Middle Level

Proceeding further into the excavation, the team began to reveal a 2nd level of burials. This level contained twelve skeletons that were accompanied by thousands of grave goods[36]. The primary occupants of the grave, skeletons 15 and 16, were located in the center of this level with five skeletons on the pair’s east side, three on the west and single skeletons on the north and south ends.

Associated with the central individuals were a large number of grave goods, including: a large number of repoussé and plain gold plaques, ear rods, bells, greaves and beads[37]. Also included were a number of stone projectile points and celts. The most famous of the goods associated with these individuals is the cast gold composite effigy aminal pendant with an emerald embedded in its back. This was found lying bottom up atop the gold plaques that covered the two central individuals[38].

Numerous items were placed with the other occupants of this grave. These include: gold triangles, a pair of whale teeth, a carved figure covered with gold, canine teeth, several green projectile points and a stone celt[39].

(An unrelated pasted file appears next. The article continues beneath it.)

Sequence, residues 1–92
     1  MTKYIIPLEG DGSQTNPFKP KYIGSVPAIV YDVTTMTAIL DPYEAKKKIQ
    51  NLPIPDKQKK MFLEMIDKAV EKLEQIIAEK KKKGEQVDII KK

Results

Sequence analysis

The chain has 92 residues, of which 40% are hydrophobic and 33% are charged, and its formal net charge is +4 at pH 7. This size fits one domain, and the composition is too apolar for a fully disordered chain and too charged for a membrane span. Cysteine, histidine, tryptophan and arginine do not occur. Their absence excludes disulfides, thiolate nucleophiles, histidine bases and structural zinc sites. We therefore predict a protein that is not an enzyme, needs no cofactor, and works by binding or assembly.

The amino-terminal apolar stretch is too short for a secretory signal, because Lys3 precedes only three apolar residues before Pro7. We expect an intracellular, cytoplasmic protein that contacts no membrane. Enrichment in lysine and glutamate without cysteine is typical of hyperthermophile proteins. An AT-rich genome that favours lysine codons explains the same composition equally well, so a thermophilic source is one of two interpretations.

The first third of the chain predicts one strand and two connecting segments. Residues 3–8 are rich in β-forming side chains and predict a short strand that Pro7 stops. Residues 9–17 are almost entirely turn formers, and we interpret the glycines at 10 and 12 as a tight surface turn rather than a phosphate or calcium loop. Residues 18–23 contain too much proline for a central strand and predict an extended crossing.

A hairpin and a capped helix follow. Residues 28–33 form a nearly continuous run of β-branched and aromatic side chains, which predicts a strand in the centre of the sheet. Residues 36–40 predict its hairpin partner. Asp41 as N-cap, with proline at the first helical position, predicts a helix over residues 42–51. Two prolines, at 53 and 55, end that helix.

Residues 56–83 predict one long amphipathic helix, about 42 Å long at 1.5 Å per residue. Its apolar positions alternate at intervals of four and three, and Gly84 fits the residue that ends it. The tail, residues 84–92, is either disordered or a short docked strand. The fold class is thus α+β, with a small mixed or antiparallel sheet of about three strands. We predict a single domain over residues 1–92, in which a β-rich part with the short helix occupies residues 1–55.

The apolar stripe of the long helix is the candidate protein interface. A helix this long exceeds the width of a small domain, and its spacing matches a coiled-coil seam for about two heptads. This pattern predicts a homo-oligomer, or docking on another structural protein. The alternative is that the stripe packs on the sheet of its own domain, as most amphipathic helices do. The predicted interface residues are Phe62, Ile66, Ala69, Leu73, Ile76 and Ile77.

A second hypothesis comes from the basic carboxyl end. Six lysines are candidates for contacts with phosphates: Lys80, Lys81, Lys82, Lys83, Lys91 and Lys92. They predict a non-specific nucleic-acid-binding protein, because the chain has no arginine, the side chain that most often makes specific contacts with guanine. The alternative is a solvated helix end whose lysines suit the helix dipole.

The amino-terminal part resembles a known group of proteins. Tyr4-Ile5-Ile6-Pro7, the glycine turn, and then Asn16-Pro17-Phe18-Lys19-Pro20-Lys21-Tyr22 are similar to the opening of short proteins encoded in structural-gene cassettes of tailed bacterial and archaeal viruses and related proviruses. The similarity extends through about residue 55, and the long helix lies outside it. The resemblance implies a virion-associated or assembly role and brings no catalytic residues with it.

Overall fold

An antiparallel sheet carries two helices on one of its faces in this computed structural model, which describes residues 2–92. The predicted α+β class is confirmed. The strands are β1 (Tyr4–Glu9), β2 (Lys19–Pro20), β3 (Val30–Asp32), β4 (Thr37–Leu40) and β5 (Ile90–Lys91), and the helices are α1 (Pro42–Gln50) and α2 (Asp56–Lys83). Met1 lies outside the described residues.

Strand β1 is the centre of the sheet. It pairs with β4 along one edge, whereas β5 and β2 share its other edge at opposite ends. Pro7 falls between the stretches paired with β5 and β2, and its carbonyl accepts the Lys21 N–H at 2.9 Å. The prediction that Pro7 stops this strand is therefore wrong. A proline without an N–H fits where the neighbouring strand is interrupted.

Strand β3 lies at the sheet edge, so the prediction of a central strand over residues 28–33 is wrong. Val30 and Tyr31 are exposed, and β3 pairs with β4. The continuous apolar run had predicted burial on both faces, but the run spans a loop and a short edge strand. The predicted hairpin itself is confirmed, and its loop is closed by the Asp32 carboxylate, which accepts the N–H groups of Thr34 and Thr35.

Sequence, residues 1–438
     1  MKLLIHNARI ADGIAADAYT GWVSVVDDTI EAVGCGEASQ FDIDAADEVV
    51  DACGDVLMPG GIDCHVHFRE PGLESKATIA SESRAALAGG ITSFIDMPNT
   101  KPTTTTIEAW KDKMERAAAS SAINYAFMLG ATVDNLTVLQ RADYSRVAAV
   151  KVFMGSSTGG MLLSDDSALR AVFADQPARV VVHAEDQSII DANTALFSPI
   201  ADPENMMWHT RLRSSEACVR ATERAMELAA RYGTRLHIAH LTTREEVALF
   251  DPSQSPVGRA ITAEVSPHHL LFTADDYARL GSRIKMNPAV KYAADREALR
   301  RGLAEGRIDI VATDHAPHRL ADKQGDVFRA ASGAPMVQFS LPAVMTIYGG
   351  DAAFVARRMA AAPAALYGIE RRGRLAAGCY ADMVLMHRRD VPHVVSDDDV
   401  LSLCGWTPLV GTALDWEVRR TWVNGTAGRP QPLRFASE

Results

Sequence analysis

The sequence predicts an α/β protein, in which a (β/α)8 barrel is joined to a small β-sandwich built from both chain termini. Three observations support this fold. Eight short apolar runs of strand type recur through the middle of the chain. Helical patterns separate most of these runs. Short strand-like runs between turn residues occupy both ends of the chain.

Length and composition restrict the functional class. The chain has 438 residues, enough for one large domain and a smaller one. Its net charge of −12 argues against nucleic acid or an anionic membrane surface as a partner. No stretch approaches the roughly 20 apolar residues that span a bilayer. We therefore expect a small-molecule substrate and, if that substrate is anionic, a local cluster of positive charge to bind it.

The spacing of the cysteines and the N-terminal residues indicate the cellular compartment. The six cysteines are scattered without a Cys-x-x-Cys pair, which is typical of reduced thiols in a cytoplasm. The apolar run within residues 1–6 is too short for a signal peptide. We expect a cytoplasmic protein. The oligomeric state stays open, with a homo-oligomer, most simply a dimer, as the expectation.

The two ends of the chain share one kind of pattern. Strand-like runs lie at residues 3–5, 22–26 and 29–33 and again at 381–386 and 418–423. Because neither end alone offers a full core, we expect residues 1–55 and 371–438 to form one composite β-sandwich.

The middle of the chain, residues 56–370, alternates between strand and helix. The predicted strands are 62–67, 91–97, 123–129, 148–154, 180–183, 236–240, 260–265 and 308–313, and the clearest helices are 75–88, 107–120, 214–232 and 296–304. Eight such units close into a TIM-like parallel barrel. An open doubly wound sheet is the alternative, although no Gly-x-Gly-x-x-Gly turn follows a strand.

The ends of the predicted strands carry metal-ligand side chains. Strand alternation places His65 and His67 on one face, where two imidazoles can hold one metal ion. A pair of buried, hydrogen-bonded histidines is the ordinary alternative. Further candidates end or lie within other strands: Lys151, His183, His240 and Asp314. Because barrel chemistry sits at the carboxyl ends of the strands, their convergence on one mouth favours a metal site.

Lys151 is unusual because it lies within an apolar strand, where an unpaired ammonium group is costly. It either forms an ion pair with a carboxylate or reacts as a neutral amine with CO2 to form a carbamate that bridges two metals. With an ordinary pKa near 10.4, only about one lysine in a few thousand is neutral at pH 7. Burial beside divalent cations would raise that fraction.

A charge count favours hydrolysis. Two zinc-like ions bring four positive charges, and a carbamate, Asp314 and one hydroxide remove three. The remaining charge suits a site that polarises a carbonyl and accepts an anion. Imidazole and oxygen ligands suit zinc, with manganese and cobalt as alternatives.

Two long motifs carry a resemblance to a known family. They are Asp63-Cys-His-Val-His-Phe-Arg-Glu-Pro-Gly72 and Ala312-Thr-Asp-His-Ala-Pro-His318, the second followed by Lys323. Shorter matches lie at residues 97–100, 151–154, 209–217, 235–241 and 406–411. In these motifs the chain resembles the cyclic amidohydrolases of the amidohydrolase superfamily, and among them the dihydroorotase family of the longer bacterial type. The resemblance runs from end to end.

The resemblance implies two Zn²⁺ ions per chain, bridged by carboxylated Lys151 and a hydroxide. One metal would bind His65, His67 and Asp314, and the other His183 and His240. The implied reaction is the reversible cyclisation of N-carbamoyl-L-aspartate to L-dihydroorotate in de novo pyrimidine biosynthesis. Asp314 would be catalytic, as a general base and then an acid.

It was on this level that the “ceramic wall” reached both its thickest point, 30 centimeters, and its end. The excavators began to became overwhelmed by the large quantity of ceramics and began to remove many of the vessels without recording any information[40]. Mason (n.d.: 64) noted that the field team got “gold fever” and “were anxious to get [the] vessels removed from above [the] gold objects, so began removing vessels before making list”[41].

Lower Level

After clearing the second level, the team reached the lowest point of the grave. As they removed the layer of ceramic sherds and surrounding dirt, they uncovered three skeletons. The individual in the center, skeleton 21, lay on its side, while the other two, lay face down. Two of the skeletons, 21 and 22, had a few objects associated with them, including a gold bat effigy pendant, ear rods, some stone celts, and a large embossed gold plaque[42].

The Art of Sitio Conte[edit]

The iconography of the gold and ceramic pieces at Sitio Conte reflects a highly refined artistry. While some figures are abstract representations of animals, others appear to be therianthropic in nature. These figures mostly appear in two basic designs: single or paired[43]. There are exceptions to this as some ceramics contain multiple images as well.